Apostle

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The Apostles were people who, according to the Bible, were chosen from among the disciples of Jesus to spread his word. The original twelve followed Jesus on his mission to Galilee, where they healed the sick and drove out demons. They include Judas Iscariot, who according to the New Testament betrayed Jesus. Christian mythology also states that many of these twelve became martyrs while defending their faiths in Christianity.

"Instead, already by the second half of the first century the leadership council of 'the twelve' (if such there was) no longer existed and left no identifiable heirs, and no one could even remember who was on it, or even what had happened to them. Indeed, for most of them there are no historical accounts at all, beyond very late and obviously fabricated legends [...][1]"

Individual apostles[edit]

The original twelve apostles were Simon Peter, Andrew, James (son of Zebedee), John, Philip, Bartholomew, Thomas, James (son of Alphaeus), Matthew, Simon the Canaanite, Judas Iscariot, and Thaddeus (aka Jude).

After Judas's suicide/accidental death, Matthias was selected by random lot to replace him Acts 1:23–26 Bible-icon.png. Paul the Apostle is often counted as an apostle, although he never met Jesus in person.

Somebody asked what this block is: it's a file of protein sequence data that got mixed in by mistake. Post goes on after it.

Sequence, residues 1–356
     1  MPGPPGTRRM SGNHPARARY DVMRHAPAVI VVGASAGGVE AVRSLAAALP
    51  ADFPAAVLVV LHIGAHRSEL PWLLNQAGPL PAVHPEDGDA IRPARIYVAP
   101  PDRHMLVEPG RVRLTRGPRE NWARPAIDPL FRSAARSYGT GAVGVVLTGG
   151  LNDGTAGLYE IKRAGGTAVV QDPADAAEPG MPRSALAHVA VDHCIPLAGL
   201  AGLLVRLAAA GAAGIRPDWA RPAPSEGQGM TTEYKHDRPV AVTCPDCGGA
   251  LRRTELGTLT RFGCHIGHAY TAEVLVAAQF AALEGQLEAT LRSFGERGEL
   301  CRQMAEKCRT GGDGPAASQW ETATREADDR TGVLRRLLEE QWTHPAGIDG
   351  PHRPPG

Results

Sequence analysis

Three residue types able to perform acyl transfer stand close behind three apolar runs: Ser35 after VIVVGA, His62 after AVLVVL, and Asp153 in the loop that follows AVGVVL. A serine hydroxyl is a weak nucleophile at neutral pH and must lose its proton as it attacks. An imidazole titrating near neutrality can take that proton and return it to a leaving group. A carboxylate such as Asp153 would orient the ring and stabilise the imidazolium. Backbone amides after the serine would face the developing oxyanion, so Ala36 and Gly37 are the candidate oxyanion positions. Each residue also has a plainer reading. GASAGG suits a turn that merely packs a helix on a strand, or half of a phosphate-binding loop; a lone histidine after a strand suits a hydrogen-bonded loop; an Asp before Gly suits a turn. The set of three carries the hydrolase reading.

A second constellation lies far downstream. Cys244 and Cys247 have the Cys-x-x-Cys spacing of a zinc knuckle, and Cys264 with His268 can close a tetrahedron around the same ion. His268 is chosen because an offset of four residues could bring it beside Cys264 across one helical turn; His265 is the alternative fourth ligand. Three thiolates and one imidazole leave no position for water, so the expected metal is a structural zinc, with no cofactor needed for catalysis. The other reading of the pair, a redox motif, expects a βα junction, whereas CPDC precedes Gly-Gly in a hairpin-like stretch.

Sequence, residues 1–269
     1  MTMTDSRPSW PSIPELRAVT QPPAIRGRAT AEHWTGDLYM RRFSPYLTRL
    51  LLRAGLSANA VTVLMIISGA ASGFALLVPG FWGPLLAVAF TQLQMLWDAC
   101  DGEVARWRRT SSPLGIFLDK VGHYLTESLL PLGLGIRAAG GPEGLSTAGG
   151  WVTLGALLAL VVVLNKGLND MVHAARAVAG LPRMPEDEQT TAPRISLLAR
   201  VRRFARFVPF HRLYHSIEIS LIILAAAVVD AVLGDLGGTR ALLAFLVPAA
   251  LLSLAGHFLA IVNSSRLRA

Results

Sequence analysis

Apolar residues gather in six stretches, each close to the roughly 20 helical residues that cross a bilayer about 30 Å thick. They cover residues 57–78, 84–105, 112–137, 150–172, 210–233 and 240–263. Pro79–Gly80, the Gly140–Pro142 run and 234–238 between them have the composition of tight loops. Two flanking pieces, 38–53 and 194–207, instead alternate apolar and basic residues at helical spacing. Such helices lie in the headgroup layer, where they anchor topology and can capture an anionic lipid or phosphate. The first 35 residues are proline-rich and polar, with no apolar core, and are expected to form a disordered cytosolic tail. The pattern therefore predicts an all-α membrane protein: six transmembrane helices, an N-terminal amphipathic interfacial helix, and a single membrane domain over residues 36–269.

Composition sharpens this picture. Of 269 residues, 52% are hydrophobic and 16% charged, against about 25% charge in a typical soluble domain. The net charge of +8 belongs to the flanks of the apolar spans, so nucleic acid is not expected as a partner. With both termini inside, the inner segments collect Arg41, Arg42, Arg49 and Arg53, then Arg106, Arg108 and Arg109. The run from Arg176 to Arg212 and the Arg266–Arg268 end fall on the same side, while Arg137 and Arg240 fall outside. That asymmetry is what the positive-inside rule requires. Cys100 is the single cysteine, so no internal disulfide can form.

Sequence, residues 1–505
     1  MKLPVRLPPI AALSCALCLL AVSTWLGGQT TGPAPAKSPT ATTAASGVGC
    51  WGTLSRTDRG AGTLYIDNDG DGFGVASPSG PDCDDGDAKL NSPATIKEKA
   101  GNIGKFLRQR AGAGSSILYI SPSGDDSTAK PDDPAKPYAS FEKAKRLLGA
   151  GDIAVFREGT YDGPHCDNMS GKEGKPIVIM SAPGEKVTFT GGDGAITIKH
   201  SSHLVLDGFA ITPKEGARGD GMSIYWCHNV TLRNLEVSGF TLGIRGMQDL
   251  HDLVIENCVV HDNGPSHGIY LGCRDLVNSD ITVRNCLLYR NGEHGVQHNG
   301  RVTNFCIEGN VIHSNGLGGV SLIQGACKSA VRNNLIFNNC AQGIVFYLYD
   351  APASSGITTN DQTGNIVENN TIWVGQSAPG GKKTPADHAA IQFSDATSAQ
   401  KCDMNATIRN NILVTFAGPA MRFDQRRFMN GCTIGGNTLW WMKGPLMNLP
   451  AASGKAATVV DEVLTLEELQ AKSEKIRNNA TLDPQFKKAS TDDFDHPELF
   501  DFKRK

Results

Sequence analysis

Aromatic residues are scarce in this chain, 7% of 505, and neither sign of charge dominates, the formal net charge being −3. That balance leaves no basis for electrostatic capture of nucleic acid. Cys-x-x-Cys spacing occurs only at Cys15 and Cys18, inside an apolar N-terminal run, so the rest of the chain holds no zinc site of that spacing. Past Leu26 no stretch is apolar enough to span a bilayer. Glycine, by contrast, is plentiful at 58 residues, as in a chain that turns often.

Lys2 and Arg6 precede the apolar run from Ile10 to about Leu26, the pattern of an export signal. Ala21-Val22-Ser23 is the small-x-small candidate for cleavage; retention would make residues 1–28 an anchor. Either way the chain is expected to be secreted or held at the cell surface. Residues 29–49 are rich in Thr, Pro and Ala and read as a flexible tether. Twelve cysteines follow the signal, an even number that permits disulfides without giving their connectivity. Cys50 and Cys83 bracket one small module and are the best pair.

Galatians 1:18-19 Bible-icon.png calls James the Just an apostle.

The confusion over the identities of the Apostles, together with the lack of primary sources led some historians to conclude that the Apostles were a mythical creation.[2]

Apologetics[edit]

Main Article: Would someone die for what they knew was a lie?

The fact that the original surviving apostles, all eyewitnesses to the resurrection of Jesus, were willing to die for their faith, is the most dramatic evidence that it was not a hoax. It is one thing to die for a religious belief, such as an Islamic fundamentalist or a follower of David Koresh. It’s quite another to die for a known lie.

Counter-apologetics[edit]

Like stories about Jesus himself, the story of the apostles is written primarily in the Bible, a document of questionable historical accuracy. There are few reliable accounts of their alleged martyrdom. These stories are best treated with the same skepticism as any other part of the Bible.

References[edit]

External links[edit]

Apologetics
Counter-apologetics